g. Safe hospital practice, including environmental safety and freedom from


disturbing behavior or habits of other patients, visitors and staff;

h. Present complaints regarding their care, and receive a response addressing the
complaint, (MCMPP #RI 1.01 addresses this procedure). To provide oversight in
the process of analyzing and improving patient satisfaction, a report of patient
satisfaction and complaints, including Medical Staff Review Board physician
specific complaints, will be periodically included on the agenda for the MSEC
and data will be presented to the MSEC.

i. In the event of an unanticipated outcome, patients have a right to expect


disclosure of the unanticipated outcome. These are defined as those that differ
significantly from what was anticipated to be the result of a treatment or
procedure. An unanticipated outcome may or may not include error. A known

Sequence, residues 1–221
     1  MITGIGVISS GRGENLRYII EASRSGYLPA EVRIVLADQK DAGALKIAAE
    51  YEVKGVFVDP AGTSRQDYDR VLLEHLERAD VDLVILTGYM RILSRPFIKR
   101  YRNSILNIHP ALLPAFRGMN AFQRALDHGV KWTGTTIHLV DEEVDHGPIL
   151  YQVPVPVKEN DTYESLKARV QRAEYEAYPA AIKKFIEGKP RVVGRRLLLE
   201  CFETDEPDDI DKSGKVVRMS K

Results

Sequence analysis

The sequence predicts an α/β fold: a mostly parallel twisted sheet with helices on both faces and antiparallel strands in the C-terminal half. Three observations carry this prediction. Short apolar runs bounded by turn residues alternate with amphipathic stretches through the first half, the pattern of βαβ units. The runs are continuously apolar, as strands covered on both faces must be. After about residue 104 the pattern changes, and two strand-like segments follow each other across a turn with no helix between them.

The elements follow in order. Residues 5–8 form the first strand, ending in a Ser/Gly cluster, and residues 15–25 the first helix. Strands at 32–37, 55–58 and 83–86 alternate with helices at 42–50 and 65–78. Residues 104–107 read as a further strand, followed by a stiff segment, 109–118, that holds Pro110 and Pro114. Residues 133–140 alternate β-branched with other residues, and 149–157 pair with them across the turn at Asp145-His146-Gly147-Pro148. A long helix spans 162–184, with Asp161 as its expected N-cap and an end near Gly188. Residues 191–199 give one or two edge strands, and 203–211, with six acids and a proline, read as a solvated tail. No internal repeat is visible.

complication or side effect is not an unanticipated outcome, but information
about such outcomes may also be provided out of respect for the patient.

The patient’s attending physician is responsible for assuring that explanations are
provided to the patient, and when appropriate, to the family, whenever an
outcome differs significantly from that which was anticipated. The responsible
Licensed Independent Practitioner (LIP) or his/her designee should assure that
information regarding outcomes of care is available to the patient and when
appropriate, the patient’s family. At a minimum this includes outcomes of care
that the patient (or family) must be knowledgeable about in order to participate in
current and future decisions affecting the patient’s care. It also includes
unanticipated outcomes of care that relate to sentinel events considered
reviewable by The Joint Commission.

1
University of Illinois at Chicago Medical Center Article(s): III
Medical Staff Rules and Regulations Section(s): B
Page: 2 of 2

2. Patient Obligations

The obligations of the patient include: